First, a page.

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Scientists grew ‘mini brains’ from stem cells and then the brains developed what looked like advanced eyes: ScienceAlert

Scientists grew ‘mini brains’ from stem cells and then the brains developed what looked like advanced eyes: ScienceAlert

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Lab-grown mini brains from stem cells spontaneously developed rudimentary eye structures, scientists report in a fascinating 2021 paper.

On small human-derived brain organoids grown in dishes, two bilaterally symmetrical optic cups are seen growing, mirroring the development of eye structures in human embryos. This amazing result may help us better understand the process of eye differentiation and development, as well as eye diseases.

“Our work highlights the remarkable ability of brain organelles to generate primitive sensory structures that are sensitive to light and contain cell types similar to those found in the body,” said neurologist Jay Gopalakrishnan of University Hospital Dusseldorf in Germany in a 2021 statement.

“These organoids can help study brain-eye interactions during embryonic development, model congenital retinal disorders, and generate patient-specific retinal cell types for personalized drug testing and transplant therapies.”

(Every Gabriel)

Brain organoids are not real brains, as you might think of them. They are tiny, three-dimensional structures grown from induced pluripotent stem cells—cells harvested from elderly people and engineered back into stem cells that have the potential to grow into many different types of tissue.

In this case, these stem cells are forced to grow in patches of brain tissue with nothing resembling thoughts, emotions or consciousness. Such “mini-brains” are used for research purposes where the use of actual living brains would be impossible or at least ethically difficult – testing drug responses, for example, or monitoring cell development under certain adverse conditions.

This time, Gopalakrishnan and his colleagues aimed to observe eye development.

In previous research, other scientists have used embryonic stem cells to grow optic cups, the structures that develop into almost the entire eyeball during embryonic development. And other research has developed optical cup-like structures from induced pluripotent stem cells.

Instead of growing these structures directly, Gopalakrishnan’s team wanted to see if they could be grown as an integrated part of brain organoids. This would add the benefit of seeing how the two types of tissue can grow together, rather than simply growing optical structures in isolation.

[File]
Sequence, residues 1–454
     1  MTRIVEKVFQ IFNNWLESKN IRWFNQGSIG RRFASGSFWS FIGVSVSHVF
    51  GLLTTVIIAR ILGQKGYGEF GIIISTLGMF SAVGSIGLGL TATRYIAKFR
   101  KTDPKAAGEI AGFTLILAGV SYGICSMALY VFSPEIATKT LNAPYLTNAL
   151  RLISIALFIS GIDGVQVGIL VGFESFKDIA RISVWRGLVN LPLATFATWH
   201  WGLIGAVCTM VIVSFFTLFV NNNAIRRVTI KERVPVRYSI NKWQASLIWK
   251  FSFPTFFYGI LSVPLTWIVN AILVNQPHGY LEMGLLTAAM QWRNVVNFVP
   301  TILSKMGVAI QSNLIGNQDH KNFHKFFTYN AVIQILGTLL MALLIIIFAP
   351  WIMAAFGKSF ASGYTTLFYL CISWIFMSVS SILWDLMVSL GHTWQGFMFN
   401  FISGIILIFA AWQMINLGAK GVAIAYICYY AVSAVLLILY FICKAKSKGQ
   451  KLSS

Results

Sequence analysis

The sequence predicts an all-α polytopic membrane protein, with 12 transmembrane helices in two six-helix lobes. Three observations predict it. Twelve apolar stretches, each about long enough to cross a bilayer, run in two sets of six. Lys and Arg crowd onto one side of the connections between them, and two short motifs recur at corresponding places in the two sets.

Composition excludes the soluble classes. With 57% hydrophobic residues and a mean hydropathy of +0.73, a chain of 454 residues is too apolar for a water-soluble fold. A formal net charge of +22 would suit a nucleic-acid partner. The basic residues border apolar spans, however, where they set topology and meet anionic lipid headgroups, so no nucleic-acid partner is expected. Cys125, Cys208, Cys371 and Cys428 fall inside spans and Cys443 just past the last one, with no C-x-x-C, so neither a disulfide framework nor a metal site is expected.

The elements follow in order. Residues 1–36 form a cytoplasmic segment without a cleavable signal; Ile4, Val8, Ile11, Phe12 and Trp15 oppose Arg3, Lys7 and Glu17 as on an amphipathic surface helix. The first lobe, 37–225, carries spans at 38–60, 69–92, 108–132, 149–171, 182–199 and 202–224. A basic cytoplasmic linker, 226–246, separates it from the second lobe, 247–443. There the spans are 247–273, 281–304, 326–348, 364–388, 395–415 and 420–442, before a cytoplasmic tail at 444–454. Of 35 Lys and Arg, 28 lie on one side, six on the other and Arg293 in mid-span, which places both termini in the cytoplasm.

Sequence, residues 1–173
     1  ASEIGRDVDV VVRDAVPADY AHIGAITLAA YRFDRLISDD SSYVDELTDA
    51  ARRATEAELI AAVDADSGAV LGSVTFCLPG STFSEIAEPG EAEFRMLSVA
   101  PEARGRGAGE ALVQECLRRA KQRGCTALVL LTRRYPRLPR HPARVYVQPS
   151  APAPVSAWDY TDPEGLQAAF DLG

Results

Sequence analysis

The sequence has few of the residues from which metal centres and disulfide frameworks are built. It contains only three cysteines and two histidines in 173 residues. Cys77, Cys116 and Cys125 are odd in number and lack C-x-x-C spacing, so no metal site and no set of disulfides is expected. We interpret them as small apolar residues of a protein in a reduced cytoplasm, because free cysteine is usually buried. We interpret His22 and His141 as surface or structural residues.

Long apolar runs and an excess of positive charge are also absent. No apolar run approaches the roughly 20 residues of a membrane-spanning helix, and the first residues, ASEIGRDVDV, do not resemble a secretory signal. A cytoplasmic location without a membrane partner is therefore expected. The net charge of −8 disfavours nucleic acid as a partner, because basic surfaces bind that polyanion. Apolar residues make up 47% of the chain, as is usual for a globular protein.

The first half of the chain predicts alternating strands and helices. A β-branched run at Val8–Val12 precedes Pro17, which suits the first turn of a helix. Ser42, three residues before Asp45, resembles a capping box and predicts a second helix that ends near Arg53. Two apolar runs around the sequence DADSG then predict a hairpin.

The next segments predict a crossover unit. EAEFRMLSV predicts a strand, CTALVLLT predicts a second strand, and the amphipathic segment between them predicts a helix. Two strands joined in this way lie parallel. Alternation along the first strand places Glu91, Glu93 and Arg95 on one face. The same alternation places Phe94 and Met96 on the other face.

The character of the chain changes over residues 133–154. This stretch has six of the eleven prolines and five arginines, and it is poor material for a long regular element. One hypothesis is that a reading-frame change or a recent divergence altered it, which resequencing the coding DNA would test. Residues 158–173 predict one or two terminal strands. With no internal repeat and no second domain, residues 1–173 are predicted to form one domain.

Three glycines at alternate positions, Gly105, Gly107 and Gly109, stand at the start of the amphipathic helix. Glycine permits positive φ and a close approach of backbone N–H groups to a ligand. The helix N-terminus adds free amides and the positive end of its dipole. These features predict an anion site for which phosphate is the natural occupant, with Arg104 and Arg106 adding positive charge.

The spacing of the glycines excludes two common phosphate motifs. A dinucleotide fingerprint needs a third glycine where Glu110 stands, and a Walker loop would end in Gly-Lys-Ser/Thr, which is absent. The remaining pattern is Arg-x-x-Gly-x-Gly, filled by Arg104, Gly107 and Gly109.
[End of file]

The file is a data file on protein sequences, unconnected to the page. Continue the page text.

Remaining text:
“Eye development is a complex process and understanding it may allow to support the molecular basis of early retinal diseases,” the researchers writes in his paper.

“Thus, it is crucial to study the optic vesicles, which are the primordium of the eye, whose proximal end is attached to the forebrain, essential for proper eye formation.”

Previous work developing organoids showed evidence of retinal cells, but they did not develop optical structures, so the team changed their protocols.

They did not try to force the development of purely neuronal cells in the early stages of neuronal differentiation and added retinol acetate to the culture medium as an aid to eye development.

Scientists grew ‘mini brains’ from stem cells and then the brains developed what looked like advanced eyes: ScienceAlert
(Gabriel et al., Cellular stem cell2021)

Their carefully tended baby brains had formed optic cups as early as 30 days of development, with structures clearly visible at 50 days. This is consistent with the timing of eye development in the human embryomeaning that these organelles can be useful for studying the intricacies of this process.

There are other implications as well. The optic cups contained different types of retinal cells that organized themselves into neural networks that responded to light, and even contained lens and corneal tissue. Finally, the structures show connectivity of the retina with regions of brain tissue.

“In the mammalian brain, retinal ganglion cell nerve fibers reach out to connect to their brain targets, an aspect that has never before been shown in an in vitro system.” Gopalakrishnan said.

And it’s reproducible. Of the 314 brain organoids the team grew, 73 percent developed optic cups. The team hopes to develop strategies to keep these structures viable over longer time scales to carry out more in-depth research with huge potential, the researchers said.

“Brain organoids containing optic vesicles displaying highly specialized neuronal cell types can be developed, paving the way for the generation of customized organoids and retinal pigment epithelial sheets for transplantation,” they writes in his paper.

“We believe in it [these] are next-generation organelles to help model retinopathies that arise from early neurodevelopmental disorders.”

The study was published in Cellular stem cell.

A version of this article was first published in August 2021.


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